PRS for Music announced its financial results for 2015 in early May, but now the official filings have emerged through Companies House in the UK.
They confirm the topline figures already revealed – revenues up 4.7% year-on-year to £537.4m – but provide more details on other aspects of the collecting society’s performance in 2015.
Its licensing and administrative expenses increased from £76.5m in 2014 to £79.9m in 2015, which alongside other costs and income left PRS for Music with £472.5m of net distributable income – up 4% year-on-year.
The geographic breakdown reveals that £333.3m of PRS’ revenues came from the UK; £129.2m from Europe – insert Brexit-impact speculation here – and £41.3m from North America.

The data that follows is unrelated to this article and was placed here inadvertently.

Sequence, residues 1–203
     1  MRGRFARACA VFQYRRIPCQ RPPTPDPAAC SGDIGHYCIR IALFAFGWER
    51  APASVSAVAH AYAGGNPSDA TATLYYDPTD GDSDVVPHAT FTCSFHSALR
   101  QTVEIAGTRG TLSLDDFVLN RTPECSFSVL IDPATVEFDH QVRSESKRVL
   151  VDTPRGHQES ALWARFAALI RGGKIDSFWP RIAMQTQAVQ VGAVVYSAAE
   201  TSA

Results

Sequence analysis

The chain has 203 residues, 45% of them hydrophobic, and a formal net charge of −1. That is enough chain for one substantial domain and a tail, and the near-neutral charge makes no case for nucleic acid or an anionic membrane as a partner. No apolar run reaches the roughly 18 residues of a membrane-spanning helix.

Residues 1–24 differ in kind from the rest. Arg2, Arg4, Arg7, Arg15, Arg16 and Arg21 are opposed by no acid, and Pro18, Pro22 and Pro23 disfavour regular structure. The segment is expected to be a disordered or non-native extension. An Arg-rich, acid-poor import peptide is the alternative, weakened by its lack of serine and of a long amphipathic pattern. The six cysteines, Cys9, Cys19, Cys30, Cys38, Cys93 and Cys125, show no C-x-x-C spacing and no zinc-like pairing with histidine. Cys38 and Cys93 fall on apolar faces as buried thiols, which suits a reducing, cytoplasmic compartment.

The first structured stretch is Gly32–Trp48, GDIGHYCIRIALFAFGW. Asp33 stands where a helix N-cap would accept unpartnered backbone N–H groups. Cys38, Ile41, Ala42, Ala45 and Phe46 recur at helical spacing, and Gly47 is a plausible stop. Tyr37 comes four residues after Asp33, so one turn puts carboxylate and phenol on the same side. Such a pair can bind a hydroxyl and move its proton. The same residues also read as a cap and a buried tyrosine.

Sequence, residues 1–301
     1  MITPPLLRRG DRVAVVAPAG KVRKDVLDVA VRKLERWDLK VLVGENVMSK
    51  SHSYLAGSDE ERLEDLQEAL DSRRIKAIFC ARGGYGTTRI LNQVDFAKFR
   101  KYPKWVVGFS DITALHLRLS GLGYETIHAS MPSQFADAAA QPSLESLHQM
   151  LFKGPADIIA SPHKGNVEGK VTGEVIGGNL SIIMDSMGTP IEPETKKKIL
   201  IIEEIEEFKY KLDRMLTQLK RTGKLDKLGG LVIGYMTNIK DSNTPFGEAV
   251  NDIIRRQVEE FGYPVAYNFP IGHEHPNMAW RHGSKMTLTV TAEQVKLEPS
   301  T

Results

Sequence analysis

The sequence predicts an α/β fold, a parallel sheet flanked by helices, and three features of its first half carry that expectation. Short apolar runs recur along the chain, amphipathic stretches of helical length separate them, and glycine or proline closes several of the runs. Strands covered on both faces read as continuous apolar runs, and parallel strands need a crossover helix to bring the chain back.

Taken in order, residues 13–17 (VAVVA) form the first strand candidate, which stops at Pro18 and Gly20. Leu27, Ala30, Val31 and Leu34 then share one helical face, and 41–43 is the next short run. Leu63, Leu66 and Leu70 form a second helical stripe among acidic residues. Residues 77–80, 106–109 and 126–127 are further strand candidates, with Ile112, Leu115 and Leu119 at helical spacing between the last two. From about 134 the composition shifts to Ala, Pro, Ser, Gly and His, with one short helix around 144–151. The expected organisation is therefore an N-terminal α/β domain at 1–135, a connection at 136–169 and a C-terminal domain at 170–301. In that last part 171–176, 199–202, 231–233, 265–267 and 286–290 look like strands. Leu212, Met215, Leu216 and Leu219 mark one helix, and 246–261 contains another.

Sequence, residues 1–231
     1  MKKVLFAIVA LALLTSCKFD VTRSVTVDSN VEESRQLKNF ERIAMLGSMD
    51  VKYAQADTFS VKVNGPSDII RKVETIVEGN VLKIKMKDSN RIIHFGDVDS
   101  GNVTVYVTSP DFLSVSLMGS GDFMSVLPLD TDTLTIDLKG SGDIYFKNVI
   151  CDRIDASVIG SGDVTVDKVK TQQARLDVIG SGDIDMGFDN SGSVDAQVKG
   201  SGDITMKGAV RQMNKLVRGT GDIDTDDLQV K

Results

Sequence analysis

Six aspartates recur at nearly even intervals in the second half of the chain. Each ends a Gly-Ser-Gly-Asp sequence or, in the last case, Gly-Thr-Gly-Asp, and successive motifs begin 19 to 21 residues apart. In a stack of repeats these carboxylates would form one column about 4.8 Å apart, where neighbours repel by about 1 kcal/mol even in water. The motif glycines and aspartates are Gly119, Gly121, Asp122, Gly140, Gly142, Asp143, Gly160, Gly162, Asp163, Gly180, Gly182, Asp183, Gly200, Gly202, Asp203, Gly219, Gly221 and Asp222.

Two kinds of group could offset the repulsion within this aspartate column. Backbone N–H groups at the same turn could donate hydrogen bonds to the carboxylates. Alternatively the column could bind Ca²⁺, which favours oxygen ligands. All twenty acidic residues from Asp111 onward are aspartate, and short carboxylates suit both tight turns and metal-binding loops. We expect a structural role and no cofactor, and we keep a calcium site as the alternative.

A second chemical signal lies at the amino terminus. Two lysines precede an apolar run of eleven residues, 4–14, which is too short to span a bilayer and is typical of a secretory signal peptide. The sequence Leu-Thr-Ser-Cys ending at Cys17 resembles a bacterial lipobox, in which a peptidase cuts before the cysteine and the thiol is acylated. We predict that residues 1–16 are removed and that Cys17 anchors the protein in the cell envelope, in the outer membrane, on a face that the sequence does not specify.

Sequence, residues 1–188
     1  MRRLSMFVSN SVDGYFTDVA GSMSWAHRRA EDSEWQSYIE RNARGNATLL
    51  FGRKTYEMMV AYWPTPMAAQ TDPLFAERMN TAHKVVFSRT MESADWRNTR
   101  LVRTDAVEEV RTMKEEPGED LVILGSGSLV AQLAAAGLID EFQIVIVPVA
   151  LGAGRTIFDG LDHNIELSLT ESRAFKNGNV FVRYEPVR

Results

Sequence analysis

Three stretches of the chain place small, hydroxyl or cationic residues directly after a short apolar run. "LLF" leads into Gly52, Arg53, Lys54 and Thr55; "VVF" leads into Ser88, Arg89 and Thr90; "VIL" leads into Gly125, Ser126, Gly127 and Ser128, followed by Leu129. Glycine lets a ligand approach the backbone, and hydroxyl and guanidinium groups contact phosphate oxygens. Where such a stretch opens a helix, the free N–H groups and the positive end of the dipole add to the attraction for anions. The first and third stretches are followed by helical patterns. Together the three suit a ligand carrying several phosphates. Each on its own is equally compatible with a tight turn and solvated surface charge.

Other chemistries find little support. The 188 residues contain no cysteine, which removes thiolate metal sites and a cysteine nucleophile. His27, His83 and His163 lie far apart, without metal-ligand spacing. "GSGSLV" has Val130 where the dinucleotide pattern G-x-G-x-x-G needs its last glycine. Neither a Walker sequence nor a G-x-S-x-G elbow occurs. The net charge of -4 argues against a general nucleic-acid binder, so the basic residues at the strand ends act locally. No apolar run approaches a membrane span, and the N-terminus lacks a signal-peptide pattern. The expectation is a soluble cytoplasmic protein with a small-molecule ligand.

PRS saw its average headcount fall slightly from 615 in 2014 to 611 in 2015, with £31.5m of wages and salaries costs averaging out at £51.6k per employee. As the highest-paid director, CEO Robert Ashcroft’s remuneration rose from £765k in 2014 to £989k in 2015, including a deferred bonus of £257k.
The financials also reveal that PRS for Music has cut the net deficit on its reserves from £64.4m in 2014 to £50.4m at the end of 2015, due in part to the deficits on the two defined benefit pension schemes funded by PRS for Music.
The society says it has “agreed with the Board of trustees of the two schemes a deficit recovery plan that is intended to fully fund the schemes before the end of 2024”. The filing also confirms that negotiations remain underway with MCPS to review the two bodies’ service-agreement terms.